(CNSNews.com) - The Republican congressional leadership caved to President Clinton when it approved a $35-million increase for family planning in next year's Labor and Health and Human Services Appropriations Bill, pro-life groups said.
The House and Senate subcommittees for Labor-HHS have approved $35 million for family planning under Title X, a large percentage of which will go to Planned Parenthood, they said.
While Planned Parenthood said it has earmarked the money to fund family planning services, conservative groups say the appropriation in effect reimburses the abortion service provider an estimated $7 million to $10 million it spent to defeat pro-life Republicans in elections.
"I think for us as pro-lifers to describe Republicans as the 'party of life' is a total injustice to the children we are supposed to be defending," said Judie Brown, president of the American Life League, one of the country's foremost pro-life groups, on the Congress' action.
"This tells me that individual human beings choose to be pro-life or pro-abortion, not parties," she said.
ALL estimates that Planned Parenthood will receive about $7 million of the $35 million increase, bringing its total Title X share to about $52 million.
"We're extremely disappointed that the Republicans have not fought for families and unborn children," said Wendy Wright, a spokeswoman with Concerned Women for America.
"They could have fought for continuing resolution and let all these policy decisions be decided in the next Congress with a new administration that is friendly towards families. But instead they decided to cut a deal that binds taxpayers for the next year to bad policies," she said.
Donald Wildmon, president of the American Family Association, said the Republican leadership caved to President Clinton. "This is nothing less than a pay-off to Planned Parenthood for its campaign activities," he said.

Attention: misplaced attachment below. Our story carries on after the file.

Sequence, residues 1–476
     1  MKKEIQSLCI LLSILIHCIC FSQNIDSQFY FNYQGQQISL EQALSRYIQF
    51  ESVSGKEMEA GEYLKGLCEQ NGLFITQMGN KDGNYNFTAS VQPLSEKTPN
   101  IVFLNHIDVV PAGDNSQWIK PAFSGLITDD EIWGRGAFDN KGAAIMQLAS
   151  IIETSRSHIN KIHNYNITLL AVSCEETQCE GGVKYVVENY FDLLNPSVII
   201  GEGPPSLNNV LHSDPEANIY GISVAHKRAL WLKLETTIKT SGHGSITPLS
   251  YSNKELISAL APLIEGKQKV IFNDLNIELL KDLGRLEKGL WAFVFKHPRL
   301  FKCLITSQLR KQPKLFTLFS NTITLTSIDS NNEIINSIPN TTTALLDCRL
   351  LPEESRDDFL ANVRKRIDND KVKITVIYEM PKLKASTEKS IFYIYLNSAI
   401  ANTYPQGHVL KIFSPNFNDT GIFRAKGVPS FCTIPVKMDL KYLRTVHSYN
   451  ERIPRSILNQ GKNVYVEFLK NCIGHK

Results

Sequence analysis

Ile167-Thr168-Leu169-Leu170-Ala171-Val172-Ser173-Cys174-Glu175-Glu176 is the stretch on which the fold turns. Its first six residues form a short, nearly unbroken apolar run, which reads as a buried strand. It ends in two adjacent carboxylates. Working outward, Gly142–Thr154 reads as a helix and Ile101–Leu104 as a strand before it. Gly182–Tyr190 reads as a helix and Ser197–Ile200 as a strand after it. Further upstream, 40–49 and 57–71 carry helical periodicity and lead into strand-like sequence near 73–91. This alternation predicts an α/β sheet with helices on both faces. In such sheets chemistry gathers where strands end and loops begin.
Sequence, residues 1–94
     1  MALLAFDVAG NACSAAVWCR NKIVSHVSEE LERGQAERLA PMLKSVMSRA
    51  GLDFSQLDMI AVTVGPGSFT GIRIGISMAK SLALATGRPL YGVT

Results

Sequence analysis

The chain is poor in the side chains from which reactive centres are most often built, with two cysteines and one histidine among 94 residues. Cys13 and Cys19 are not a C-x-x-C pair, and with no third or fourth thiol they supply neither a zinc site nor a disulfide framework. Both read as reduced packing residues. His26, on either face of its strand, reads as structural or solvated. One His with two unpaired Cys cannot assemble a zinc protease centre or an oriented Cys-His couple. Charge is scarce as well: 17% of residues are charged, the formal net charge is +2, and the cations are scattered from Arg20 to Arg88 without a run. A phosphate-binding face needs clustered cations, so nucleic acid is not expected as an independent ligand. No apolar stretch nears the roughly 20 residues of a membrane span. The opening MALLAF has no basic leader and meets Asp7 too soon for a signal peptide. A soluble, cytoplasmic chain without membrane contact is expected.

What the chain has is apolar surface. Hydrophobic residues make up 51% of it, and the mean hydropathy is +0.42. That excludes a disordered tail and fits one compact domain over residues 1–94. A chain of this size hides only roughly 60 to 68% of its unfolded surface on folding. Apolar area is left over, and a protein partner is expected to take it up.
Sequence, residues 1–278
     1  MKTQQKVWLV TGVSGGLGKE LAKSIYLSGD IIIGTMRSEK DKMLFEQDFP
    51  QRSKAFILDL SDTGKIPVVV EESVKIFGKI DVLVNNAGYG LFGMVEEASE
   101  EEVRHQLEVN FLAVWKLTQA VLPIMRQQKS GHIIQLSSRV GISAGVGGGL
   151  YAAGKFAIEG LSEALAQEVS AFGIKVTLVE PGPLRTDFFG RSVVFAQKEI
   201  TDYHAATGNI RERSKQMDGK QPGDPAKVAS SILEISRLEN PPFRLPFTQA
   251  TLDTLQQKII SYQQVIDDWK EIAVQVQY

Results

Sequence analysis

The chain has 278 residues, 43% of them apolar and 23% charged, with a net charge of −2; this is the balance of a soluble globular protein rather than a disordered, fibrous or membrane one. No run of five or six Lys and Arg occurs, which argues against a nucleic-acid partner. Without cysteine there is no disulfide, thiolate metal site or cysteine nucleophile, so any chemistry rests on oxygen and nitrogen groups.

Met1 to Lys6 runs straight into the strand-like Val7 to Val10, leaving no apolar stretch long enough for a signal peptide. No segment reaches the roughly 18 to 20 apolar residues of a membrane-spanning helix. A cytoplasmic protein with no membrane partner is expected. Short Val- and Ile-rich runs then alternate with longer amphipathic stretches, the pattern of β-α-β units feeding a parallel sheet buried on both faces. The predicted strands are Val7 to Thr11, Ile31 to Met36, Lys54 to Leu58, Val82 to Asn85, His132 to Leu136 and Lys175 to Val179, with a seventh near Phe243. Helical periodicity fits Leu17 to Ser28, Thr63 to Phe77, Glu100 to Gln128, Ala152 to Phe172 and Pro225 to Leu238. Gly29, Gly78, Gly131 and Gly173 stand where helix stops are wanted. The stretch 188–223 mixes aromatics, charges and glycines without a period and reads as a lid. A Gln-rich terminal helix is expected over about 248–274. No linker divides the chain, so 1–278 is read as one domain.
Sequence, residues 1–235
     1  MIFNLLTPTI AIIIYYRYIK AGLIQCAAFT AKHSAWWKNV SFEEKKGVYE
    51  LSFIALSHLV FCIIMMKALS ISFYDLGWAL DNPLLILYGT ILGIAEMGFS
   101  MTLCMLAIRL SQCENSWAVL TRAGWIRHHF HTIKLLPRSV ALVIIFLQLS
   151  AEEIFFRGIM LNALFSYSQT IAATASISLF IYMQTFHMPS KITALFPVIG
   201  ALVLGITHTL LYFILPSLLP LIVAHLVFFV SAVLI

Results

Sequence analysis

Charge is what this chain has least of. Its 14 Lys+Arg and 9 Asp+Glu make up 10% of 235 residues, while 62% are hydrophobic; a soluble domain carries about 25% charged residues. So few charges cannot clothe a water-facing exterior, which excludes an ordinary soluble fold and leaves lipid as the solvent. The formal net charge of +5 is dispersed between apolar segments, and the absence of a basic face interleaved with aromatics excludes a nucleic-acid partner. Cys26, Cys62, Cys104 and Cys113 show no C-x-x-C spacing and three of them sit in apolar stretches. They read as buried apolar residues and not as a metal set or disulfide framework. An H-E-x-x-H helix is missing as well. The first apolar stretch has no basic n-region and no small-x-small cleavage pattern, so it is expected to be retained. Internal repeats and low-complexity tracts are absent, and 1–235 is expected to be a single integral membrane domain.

Congressional leaders of both parties met with Clinton on Monday in an effort to wrap up work on the FY 2001 budget before returning to the Capitol to pass another continuing resolution to keep the government funded through Friday.
Congress was busy cutting $3.7 billion from a pre-election version of the conference report on the bill (HR 4577). The new target will nevertheless permit discretionary spending for labor, health and education programs to increase by 12 percent over the fiscal 2000 level.
Senate Appropriations Committee Chairman Ted Stevens (R-Ark.) asked the House to file a final bill Wednesday, in time for both chambers to vote by the end of the week.
According to Brown, "not only does the money go to Planned Parenthood and people of like mind, but it all goes with requirements from the federal government that 'a full range of reproductive services' be provided, which includes abortion referral. And that is why I don't think we should be describing Republicans as pro-life, because it's definitely not the case.
"The Congress rolled over and played dead when the Food and Drug Administration approved this killer pill, RU-486, and refuses to do anything about any chemical killer," she said.